A Perl script catalogs books and CDs with the help of barcodes


Article from Issue 97/2008

Barcodes efficiently speed us through supermarket checkout lines, but the technology is also useful for totally different applications. An inexpensive barcode scanner can help you organize your private library, CD, or DVD collection.

Dealextreme.com, a company from Hong Kong, offers all kinds of inexpensive goodies. Customers can pay with PayPal, and shipping is free. Interested in a laser pointer for less than two dollars or a SATA/IDE adapter for just eight dollars? If you don't mind waiting up to two weeks for delivery, you're guaranteed to find a bargain with Dealextreme.

For quite a while I had my eye on the CCD-based barcode scanner for US$ 42 dollars (see Figure 1) (one of Dealextreme's most expensive products [2]) before I finally pressed the Buy button.

Mail from Hong Kong

When the mailman finally delivered the package, I could hardly wait to get started. The obvious choice was to write an application to scan the barcodes in my extensive collection of technical literature and store the results in a database. Depending on where the book comes from, the barcodes are either printed in UPC (Universal Product Number) or EAN (European Article Number) format, and Amazon.com offers a free web service that gives you detailed product information if you submit either barcode. This means that a Perl script can easily identify the author and title of a book or the artist for a CD that you scan. The data returned by the service includes CD and book cover images. Adding a graphical user interface to the application lets me display the book cover or CD case onscreen and in color after scanning.

The reader has a USB connector, and Linux immediately identifies it as a second keyboard. If you hold the sensor over the barcode of a book, CD, or DVD and press the button, the scanner switches the red light on (Figure 2) and enables the CCD sensor; then, the internal CPU starts to analyze the bars of different thicknesses to discover the encoded number.

The barcode scanner is very reliable; it beeps when it's done and sends the numbers to the computer's USB port, just as if the user had typed them at the keyboard and then pressed Return.

If the scanner fails to identify the barcode, which did not happen in my experiments, the user can still type the number in the input box of the application discussed in this article – the effect is the same.

Full-Color Image Included

The script, upcscan (Listing 1), uses a graphical interface based on the Tk toolkit. The GUI's text input box immediately grabs the keyboard focus when launched. Once the barcode scanner has identified a code, the numbers appear in the input box. The scanner sends a return key code when it is done, and the GUI responds with the callback function scan_done(). The function sends the barcode to the Amazon Web Services (AWS) and, after a delay of about a second, receives the title and author or artist of the book, CD, or DVD plus a URL that points to a JPEG image of the book or CD cover.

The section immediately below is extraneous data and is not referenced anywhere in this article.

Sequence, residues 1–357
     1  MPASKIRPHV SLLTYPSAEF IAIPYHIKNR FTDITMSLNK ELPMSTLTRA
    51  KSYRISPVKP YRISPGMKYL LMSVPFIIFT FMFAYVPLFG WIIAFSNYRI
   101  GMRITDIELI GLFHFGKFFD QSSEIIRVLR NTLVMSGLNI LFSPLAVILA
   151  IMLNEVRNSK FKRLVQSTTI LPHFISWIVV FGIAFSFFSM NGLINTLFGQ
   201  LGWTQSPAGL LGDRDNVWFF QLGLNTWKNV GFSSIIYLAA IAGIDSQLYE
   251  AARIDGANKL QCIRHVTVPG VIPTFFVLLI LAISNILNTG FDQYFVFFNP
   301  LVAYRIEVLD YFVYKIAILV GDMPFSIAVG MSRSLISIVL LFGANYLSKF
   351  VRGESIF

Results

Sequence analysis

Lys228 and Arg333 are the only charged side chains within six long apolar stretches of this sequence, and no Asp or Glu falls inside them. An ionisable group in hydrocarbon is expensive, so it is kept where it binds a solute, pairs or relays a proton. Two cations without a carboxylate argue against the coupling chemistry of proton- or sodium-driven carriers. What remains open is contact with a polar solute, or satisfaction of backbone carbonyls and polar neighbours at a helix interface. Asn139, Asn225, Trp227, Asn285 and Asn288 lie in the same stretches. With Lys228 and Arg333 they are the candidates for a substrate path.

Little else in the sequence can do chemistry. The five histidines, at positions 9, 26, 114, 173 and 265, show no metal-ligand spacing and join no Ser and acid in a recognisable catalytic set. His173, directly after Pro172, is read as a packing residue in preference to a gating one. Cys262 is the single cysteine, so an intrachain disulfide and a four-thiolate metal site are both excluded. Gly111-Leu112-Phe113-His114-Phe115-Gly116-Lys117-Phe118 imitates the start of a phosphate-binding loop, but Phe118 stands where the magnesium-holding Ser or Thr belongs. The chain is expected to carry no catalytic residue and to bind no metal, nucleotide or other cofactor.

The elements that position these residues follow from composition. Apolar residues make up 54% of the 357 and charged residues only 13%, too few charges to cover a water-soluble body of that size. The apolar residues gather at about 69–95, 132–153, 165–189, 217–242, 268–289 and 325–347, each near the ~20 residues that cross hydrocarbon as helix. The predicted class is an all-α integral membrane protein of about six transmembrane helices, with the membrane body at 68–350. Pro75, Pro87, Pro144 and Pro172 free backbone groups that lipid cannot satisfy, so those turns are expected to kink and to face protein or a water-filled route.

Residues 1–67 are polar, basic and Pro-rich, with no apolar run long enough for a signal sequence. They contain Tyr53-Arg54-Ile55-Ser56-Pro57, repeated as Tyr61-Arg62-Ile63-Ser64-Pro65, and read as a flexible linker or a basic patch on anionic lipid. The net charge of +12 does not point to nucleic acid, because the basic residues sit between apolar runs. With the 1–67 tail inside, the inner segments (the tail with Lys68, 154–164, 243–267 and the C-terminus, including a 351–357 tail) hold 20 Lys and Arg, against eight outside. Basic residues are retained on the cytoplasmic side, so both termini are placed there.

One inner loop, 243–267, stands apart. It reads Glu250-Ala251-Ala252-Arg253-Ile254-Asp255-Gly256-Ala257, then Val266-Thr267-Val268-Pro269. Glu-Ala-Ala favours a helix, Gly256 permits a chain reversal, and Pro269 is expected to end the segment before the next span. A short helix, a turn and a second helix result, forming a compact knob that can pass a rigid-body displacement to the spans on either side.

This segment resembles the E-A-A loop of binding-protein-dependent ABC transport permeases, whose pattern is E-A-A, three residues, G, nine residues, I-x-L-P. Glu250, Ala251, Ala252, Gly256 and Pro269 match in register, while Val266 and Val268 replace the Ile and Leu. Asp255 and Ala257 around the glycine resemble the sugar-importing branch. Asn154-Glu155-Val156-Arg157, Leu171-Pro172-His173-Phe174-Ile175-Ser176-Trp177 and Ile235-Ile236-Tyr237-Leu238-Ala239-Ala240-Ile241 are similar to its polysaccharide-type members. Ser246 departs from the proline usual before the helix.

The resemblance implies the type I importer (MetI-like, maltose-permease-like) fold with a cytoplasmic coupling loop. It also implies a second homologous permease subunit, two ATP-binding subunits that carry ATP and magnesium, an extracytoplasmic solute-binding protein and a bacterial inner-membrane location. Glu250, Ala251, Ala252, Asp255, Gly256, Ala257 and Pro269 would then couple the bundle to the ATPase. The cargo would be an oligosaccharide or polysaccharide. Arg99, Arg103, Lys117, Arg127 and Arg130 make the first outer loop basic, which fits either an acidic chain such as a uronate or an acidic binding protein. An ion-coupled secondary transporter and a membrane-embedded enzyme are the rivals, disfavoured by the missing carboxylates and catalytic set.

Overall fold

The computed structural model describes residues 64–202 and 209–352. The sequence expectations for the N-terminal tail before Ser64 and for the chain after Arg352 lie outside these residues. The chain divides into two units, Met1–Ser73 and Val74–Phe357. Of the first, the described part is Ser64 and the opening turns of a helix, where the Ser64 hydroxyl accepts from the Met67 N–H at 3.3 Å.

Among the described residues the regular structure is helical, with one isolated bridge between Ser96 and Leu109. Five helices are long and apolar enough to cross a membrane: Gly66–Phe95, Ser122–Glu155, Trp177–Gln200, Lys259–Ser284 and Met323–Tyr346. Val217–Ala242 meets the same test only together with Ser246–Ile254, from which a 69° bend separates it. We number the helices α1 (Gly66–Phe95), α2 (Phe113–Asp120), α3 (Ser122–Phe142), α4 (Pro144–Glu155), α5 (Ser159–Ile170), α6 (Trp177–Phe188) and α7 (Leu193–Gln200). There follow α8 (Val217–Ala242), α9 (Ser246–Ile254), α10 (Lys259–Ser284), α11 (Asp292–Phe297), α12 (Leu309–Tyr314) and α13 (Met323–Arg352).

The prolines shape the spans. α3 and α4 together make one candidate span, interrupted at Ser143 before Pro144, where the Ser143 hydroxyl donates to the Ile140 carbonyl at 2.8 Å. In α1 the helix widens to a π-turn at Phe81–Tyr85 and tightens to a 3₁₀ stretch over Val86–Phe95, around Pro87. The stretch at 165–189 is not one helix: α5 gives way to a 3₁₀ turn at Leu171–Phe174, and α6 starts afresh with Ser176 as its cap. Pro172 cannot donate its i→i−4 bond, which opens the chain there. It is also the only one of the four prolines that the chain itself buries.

Figure 3 shows the application shortly after scanning the barcode printed on the back of a JavaScript book. The data fields are filled in correctly, and the program has received the right book cover from Amazon in return. Figure 4 shows the results after scanning a CD by Beach Boys vocalist Brian Wilson. In both cases, the script drops the retrieved data into a local SQLite database, which I can then browse to my heart's desire and write applications around (Figure 5).

Listing 1



Keep on Ticking

Thanks to the Tk package from CPAN, slick GUIs are no problem for Perl scripts. Unfortunately, I had a problem with the application I had in mind: Longer operations, such as the web requests, caused the interface to freeze. Querying Amazon with a barcode can take a couple of seconds, and the interface would freeze in the meantime.

The POE module, also from CPAN, gave me a workaround – it lets the GUI run in an event-oriented userspace "kernel." However, don't confuse this with the Linux kernel; in POE, "kernel" is just a fancy name for an event loop. It provides mechanisms for cooperative multitasking.

The script does not handle web requests synchronously in this environment; instead, it sends a request to the web server and then immediately hands control back to the POE kernel and, therefore, the GUI event loop. When the response comes back from the Internet, the kernel wakes up the waiting task and passes in the data.

The Net::Amazon CPAN module handles communications with Amazon and supports a variety of requests to the giant retailer's web service. Internally, it does not use the asynchronous POE module to query the Amazon database. Instead, it uses the synchronous LWP::UserAgent. You can use the ua parameter to tell the module to work with a user agent that you pass in to it.

CPAN has LWP::UserAgent::POE, an agent with an LWP interface that respects the special asynchronous needs of the POE kernel. While the module issues web requests, and seemingly waits synchronously for the results, some black magic inside the module allows the POE kernel to keep on ticking, thus giving other tasks their turn.

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